Restoring a family photo: A Journey with Retro Pet Portraits
Pets are not just animals; they are family! This love for our pets is the passion and care channelled into the art of restoring pet photographs, especially when they hold sentimental just like our own family portraits. In this post, we delve into the meticulous process of restoring a damaged photograph of a beloved dog, one of the owner’s favourite retro pet portraits.
Initial Assessment: The Challenge Ahead
Our journey begins with a heavily damaged photo. Despite the apparent challenges, our expertise in photo restoration, particularly in the realm of Retro Pet Portraits, allows us to approach this task with precision and care.
The photo is heavily damaged but with some careful thought, it can be restored.
Paw Restoration: A Step towards Renewal
The restoration process first addressed the dog’s paw. By creatively utilizing a larger foot pad, scaled and rotated appropriately, we recreated the toe pad. This step was crucial in maintaining the authenticity of the photograph. Above that, some shadow has been cloned into the white space as in picture 1
Facial Features: Reviving the Dog’s Expressions
Using advanced patch and clone tools, we meticulously cleaned the muzzle, ensuring that the dog’s expression was preserved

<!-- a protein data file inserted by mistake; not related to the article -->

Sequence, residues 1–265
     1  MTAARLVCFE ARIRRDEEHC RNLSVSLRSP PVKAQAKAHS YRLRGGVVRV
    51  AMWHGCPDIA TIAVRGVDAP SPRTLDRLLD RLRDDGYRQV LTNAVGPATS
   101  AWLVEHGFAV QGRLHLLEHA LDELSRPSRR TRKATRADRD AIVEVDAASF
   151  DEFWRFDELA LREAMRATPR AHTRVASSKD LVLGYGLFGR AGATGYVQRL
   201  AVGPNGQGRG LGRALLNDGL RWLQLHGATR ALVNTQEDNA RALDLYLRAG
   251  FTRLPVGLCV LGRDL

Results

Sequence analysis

Toy Reconstruction: Adding Life to the Frame
I have also copied the yellow dog toy from the left and pasted it to the right. I pasted again and flipped the yellow ball and with the patch and clone rebuilt the right-hand side of the toy. I made sure there was some flash shadow around the ball in a slightly red tinted shadow to match the other side.
Final Touches: Perfecting the Image
The final stages included refining the muzzle, restoring the hind leg using a reference photo, and adding nuanced details like fur texture and shadows – all integral to the art of Retro Pet Portraits.
Here I have used the left side of the leg and clone upward towards the ball. I flipped this leg edge and used it for the right side.
Fortunately, the customer had another photo of the dog lying down and I was able to distort and warp the rear leg to replace much of the missing leg.
From the second photo, I was able to use some belly fur and shade it with the dodge and burn tools. I added some flash shadows behind the newly added leg parts.
I reduced the red tint to the back and grey sofa and zoomed out for the finished product.
Hopefully, you will look after your photos and not need to get your pet photos restored. When you do a Retro Pet Portrait would be the perfect addition to your wall. At Retro Pet Portraits we create one-of-a-kind hand-crafted masterpieces of your pet in funky Retro scenes.